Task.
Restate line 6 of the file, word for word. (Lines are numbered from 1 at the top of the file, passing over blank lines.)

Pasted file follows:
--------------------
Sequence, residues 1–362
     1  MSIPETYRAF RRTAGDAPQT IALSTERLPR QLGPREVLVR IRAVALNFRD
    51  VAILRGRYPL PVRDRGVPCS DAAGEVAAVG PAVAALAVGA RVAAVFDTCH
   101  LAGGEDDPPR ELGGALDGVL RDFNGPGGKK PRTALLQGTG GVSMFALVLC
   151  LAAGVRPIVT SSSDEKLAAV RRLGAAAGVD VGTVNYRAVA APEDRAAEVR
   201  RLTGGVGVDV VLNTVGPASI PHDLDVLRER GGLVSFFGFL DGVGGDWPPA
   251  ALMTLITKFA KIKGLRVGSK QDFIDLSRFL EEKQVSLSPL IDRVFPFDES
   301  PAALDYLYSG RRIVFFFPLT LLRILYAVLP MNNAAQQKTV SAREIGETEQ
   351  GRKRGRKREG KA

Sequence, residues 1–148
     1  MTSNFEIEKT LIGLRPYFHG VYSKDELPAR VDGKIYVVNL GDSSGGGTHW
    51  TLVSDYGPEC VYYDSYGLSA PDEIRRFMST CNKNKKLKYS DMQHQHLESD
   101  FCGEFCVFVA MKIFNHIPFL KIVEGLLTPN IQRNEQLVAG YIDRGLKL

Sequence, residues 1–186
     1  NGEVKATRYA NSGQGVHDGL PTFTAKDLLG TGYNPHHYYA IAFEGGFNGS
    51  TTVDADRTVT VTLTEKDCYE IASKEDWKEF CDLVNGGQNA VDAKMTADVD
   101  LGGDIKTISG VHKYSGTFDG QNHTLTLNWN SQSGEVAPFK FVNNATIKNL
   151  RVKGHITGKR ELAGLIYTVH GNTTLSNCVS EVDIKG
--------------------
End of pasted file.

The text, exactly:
   201  RLTGGVGVDV VLNTVGPASI PHDLDVLRER GGLVSFFGFL DGVGGDWPPA